Sad day at the shelter

Today we had a sudden, unexpected death among our shelter residents.

Janus, our wonderful orange tabby boy, was happy and affectionate and playful at about 1:00, when a pair of volunteers were visiting his cat room. When they left, he was his usual, content self.

When I arrived to visit the cats at 2:00, I found Janus dead. He was lying peacefully, but he was no longer with us. I hope there are lots of cuddles for him at the Rainbow Bridge, and am glad he knew the comforts of a safe haven, soft bedding, a couple of “goddess” kitty playmates (Hera and Maia) that made him feel like a real “ladies’ man” cat, and many volunteers who adored him. Had he not made it to the shelter last month, he would have been outside in the cold and mud, all alone, when his time came.

. . . → Read More: Sad day at the shelter

 

Underweight Pets

Oatmealintake

Underfed Oatmeal at her January 15, 2011, arrival at the shelter.

If your pet looks like this, make sure that you’re feeding them enough; check the package on their food and make sure that you’re meeting or exceeding the feeding recommendations. If you are, check with your veterinarian: weight loss can be caused by parasites, thyroid disorders, diabetes, and other serious but treatable conditions.

Oatmeal on January 23, 2011, after gaining weight from proper feeding at the shelter.

Since her arrival at the shelter, Oatmeal has filled out nicely and has been adopted!

 

Volunteer to help dogs

Forget Me Not Animal Shelter now has both cat buildings and dog buildings open and accepting adoptable pets – YAY!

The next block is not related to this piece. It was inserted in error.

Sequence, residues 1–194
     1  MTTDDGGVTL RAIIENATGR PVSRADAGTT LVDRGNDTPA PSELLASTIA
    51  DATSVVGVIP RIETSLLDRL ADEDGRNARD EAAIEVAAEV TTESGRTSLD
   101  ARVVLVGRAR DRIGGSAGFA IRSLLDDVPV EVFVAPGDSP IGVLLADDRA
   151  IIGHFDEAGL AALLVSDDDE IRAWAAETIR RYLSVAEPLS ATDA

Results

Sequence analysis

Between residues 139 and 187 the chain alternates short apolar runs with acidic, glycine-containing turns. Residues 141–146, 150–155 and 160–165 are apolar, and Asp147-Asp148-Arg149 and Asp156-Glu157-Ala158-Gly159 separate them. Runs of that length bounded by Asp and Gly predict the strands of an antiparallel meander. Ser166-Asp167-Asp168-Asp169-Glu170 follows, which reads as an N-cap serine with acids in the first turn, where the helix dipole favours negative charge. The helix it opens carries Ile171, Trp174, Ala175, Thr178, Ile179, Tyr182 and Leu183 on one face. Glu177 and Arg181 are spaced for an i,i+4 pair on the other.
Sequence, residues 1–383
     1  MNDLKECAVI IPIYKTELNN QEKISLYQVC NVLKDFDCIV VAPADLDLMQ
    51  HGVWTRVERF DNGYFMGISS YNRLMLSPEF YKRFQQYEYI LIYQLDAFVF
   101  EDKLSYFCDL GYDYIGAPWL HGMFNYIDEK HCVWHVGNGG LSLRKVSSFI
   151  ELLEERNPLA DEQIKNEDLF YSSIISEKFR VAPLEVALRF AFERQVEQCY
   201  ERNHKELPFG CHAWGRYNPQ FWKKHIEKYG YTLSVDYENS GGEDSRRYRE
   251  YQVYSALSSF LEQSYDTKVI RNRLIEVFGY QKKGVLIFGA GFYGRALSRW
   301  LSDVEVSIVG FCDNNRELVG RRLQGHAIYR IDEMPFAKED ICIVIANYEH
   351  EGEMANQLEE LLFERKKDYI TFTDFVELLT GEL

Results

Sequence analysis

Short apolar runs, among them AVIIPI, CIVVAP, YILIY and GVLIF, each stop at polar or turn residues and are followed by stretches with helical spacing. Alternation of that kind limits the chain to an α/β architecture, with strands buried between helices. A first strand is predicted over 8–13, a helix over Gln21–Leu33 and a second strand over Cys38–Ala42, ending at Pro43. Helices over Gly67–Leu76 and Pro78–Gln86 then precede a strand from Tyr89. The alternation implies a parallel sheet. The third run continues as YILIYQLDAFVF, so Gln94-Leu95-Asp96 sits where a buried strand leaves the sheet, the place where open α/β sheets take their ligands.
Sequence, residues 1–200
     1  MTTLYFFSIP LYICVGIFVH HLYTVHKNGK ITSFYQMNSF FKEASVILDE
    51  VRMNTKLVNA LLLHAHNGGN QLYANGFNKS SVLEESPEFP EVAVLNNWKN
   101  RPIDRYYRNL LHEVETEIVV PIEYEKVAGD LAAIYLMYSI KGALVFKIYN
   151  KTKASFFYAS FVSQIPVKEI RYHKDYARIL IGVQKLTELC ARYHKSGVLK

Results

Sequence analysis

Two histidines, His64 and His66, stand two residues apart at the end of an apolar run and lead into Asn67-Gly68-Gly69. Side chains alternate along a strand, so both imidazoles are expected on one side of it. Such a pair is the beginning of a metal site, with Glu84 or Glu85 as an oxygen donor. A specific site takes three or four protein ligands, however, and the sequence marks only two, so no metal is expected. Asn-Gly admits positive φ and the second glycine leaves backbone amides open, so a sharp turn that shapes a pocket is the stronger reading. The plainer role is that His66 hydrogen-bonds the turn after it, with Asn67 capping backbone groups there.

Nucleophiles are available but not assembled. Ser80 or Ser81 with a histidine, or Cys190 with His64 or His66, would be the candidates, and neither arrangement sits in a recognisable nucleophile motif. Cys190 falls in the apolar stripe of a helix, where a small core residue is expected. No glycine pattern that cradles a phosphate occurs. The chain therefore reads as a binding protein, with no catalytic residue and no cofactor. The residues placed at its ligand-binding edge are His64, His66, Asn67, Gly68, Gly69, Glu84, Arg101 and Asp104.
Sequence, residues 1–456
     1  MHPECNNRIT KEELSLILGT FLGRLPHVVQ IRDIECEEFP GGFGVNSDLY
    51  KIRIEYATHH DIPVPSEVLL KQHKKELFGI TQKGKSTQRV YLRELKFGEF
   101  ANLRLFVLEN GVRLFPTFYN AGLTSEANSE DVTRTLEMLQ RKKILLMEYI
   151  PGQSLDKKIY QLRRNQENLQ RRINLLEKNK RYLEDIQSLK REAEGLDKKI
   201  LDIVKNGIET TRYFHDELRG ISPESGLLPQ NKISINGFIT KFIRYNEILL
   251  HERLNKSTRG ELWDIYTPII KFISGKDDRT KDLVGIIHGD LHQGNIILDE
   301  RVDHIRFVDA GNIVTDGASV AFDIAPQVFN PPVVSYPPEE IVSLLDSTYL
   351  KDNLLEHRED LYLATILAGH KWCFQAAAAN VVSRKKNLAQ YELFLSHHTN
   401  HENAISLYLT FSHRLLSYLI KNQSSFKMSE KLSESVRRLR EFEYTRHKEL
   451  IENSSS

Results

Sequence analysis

Unfortunately, the only way we can continue accepting dogs into the adoption program is if more people sign up to volunteer as dog caregivers. We are losing two of our primary dog caregivers, and will no longer have enough volunteers to provide the necessary daily care for us to safely and humanely house dogs. Please do not make the mistake of thinking “someone else will do it” – so far, Someone Else has not stepped up, leaving us in danger of closing just when we finally got going. We need your help!

There are 14 caregiver shifts per week: 7 morning shifts, generally starting around 8:30 (although a bit earlier or later is OK), and 7 evening shifts, generally starting 5:30-6:30.

Depending on the type and number of dogs . . . → Read More: Volunteer to help dogs

 

Ringworm

Ringworm

Note: This blog was mistakenly blogged before the blog was to be blogged in our blog. If you read this blog before 5:30 PM PST on November 15, 2010, note that some information in this blog was changed at that time and reblogged.

You’ll sometimes hear people talking about pets – or themselves – contracting “ringworm.” With such an ominous-sounding name, it must be bad, right?

Here’s a little quiz. Don’t worry, it won’t count toward your final grade. Which of these is ringworm most closely related to? A. Common cold B. Tapeworm C. Mushroom D. Earthworm

If you answered A, understand that ringworm isn’t a virus, and it can be treated in many ways, unlike the common cold, to which the only remedy is chicken-noodle soup. If you answered B, you’re on the right track, but ringworm isn’t a parasite in the usual sense, and it isn’t deadly. . . . → Read More: Ringworm